‘If a Jew wrong a Christian, what is his humility? Revenge. If a Christian wrong a Jew, what should his sufferance be by Christian example? Why, revenge. The villainy you teach me I will execute, and it shall go hard but I will better the instruction. ‘(III.i.49–61). First sympathy is with the Jew, who is being treated in an unfair and indecent way by the so called Venetians where he reminds them he has body organs like them. Therefore, Shylock swears to behave in a manner that is equally bad to them and even says he will do it better than them. He vows to be villainous and shows no mercy on them.
‘So can I give no reason, nor I will not. More than a lodged hate and a certain loathing. I bear Antonio that I follow thus a losing suit against him. Are you answered?’ (IV.i.43–61). This is in act 4 where Shylock and Antonio are called in front of the court. The duke then asks Shylock to show some mercy on Antonio who is the accused, but Shylock replies by saying he does not have any reason to do so. Shylock has no reason to hate Antonio but his only focus is to quench his hatred.
‘The quality of mercy is not strained’ (IV.i.179–197). This is Portia’s reply to Shylock question of why he should have mercy. Shylock refuses to show mercy making him merciless on one hand. On the other hand Portia is merciful since she gets the concept from the Christian view where since God is merciful human beings should follow suite
‘The man that hath no music in himself. Nor is not moved with concord of sweet sounds, is fit for treasons, stategems, and spoils. The motions of his spirit are dull as night and his affections dark as Erebus. (V.i.82–86).’ Lorenzo orders music to be played since Portia is back. Here music changes a man’s heart in way that it transform him from a wild beast that is merciless to a something that is less “hard, stockish, full of rage and merciless”.
‘You have among you many a purchased slave which, like your asses and your dogs and mules, you use in abject and in slavish parts because you bought them.’ (IV.i.89–99). Shylock uses the laws of Venice to back his cruel and vengeful quests since he sees no need to expose those wrongfully mistreating and owning slaves. He also says that since Antonio can buy human meat to use as slavish and abject parts he too will do the same to Venetian flesh. This shows how he is merciless and shows how Antonio is also merciless since buying and treating slaves like that is not of human nature.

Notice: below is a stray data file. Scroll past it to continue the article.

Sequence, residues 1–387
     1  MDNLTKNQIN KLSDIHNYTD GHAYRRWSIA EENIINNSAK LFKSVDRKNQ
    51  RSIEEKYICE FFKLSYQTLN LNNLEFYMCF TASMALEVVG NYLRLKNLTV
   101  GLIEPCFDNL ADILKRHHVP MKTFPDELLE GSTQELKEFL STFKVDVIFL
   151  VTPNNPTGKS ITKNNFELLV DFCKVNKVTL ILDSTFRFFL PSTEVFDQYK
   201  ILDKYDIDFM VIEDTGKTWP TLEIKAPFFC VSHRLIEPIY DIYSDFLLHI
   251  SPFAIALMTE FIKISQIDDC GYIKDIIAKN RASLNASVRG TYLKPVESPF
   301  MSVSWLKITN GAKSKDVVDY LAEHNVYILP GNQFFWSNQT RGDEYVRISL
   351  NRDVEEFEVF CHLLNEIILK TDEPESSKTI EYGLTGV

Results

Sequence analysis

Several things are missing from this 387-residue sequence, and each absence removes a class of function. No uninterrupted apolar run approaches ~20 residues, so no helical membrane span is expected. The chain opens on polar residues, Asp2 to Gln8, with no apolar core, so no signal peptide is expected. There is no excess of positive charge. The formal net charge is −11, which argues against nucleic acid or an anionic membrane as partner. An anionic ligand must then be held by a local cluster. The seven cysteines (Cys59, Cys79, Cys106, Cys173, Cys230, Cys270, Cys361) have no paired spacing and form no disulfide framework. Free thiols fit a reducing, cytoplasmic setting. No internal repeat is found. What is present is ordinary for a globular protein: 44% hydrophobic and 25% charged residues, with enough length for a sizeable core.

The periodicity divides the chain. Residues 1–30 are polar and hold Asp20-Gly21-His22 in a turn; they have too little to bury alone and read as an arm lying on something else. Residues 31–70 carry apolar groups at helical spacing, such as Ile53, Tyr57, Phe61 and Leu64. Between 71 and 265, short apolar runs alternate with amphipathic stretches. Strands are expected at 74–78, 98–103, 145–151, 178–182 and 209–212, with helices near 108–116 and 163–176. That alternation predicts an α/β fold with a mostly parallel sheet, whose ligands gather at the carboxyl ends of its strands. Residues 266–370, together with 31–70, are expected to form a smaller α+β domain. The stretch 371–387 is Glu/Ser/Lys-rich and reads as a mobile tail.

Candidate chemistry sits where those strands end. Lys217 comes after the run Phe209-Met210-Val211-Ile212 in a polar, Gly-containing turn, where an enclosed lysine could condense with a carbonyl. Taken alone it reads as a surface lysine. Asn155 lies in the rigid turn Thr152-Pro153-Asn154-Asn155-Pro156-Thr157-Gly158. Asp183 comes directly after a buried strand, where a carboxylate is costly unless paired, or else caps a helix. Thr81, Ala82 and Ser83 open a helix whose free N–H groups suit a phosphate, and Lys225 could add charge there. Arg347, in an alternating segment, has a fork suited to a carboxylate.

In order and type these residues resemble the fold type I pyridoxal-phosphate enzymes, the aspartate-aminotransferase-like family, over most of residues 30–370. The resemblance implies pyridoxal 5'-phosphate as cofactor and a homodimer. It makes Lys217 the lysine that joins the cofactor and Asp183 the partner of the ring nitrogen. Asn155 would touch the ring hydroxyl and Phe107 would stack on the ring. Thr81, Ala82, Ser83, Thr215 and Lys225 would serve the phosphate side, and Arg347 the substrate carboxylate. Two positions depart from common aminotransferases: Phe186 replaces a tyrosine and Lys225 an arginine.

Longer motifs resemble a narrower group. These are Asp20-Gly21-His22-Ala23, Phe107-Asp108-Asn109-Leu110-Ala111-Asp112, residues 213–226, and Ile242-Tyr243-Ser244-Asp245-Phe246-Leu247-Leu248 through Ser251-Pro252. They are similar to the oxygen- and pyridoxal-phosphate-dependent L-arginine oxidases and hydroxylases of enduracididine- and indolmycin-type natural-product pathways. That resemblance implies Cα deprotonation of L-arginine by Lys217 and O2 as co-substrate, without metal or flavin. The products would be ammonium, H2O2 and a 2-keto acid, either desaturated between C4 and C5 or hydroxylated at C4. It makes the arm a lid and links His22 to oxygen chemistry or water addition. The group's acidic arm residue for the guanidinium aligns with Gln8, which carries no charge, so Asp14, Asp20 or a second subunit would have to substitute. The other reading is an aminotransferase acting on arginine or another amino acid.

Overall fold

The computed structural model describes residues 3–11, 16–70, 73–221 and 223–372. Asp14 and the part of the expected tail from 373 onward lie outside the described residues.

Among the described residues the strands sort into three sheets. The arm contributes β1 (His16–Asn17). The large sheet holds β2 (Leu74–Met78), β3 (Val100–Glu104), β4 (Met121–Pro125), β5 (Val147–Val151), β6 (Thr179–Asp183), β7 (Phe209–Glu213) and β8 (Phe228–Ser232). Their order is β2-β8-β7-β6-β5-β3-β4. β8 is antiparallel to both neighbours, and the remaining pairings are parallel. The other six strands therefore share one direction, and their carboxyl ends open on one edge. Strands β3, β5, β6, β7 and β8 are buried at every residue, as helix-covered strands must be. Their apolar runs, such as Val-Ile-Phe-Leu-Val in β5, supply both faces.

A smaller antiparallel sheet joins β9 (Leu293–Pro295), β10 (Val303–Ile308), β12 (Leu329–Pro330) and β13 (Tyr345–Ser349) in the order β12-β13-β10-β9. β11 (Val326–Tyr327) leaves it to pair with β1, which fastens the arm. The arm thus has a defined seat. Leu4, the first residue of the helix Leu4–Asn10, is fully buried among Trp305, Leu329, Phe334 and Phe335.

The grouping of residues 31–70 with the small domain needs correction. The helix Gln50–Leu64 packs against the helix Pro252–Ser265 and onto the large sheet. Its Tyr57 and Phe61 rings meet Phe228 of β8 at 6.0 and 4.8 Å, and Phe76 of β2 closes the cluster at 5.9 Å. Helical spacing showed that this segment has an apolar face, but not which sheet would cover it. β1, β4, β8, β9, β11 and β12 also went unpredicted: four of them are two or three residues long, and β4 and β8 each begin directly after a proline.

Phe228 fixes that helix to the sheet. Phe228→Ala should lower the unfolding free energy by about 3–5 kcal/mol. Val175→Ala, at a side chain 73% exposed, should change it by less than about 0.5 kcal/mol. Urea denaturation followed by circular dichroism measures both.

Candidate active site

‘If I begin the battery once again, I will not leave the half-achieved Harfleur, till in her ashes she lie buried. The gates of mercy shall be all shut upYour fresh-fair virgins and your flowering infants.’ (3.3.1). in this section King Henry sends a warning to Governor Harfleur that failure of his immediate surrender will make his soldiers rape the virgins of the town, kill all newborns and put them on spikes and smash the old men’s heads. This makes King Henry look very merciless and ruthless.
‘Yea, strike the Dauphin blind to look on us and tell the pleasant prince this mock of his hath turn'd his balls to gun-stones’ (1.2.11). In this section Henry says that he is going to attack France after he receives tennis balls from Dauphin which he sees as a mockery. Henry says he will turn the balls of tennis to cannons and obliterate France. Henry views himself as the avenger of God by showing no mercy at all to the French.
‘But, hark! What new alarum is this same? The French have reinforced their scatter'd men: Then every soldier kill his prisoners: Give the word through’ (4.7.3). Henry sends out an order to his troops to murder all French prisoners of war. This makes him look like a monster that is incapable of having mercy.
Nym gets hanged for theft (Act 4 scene 4). This shows that society is not lenient and has no mercy for those who commit crimes. Small crimes like theft have a penalty of death and not even maybe jail-time.
Shakespeare, William, and Roma Gill. Henry V. New ed. Oxford: Oxford University Press, 2001. Print.
Shakespeare, William, and Burton Raffel. The merchant of Venice. New Haven: Yale University Press, 2006. Print.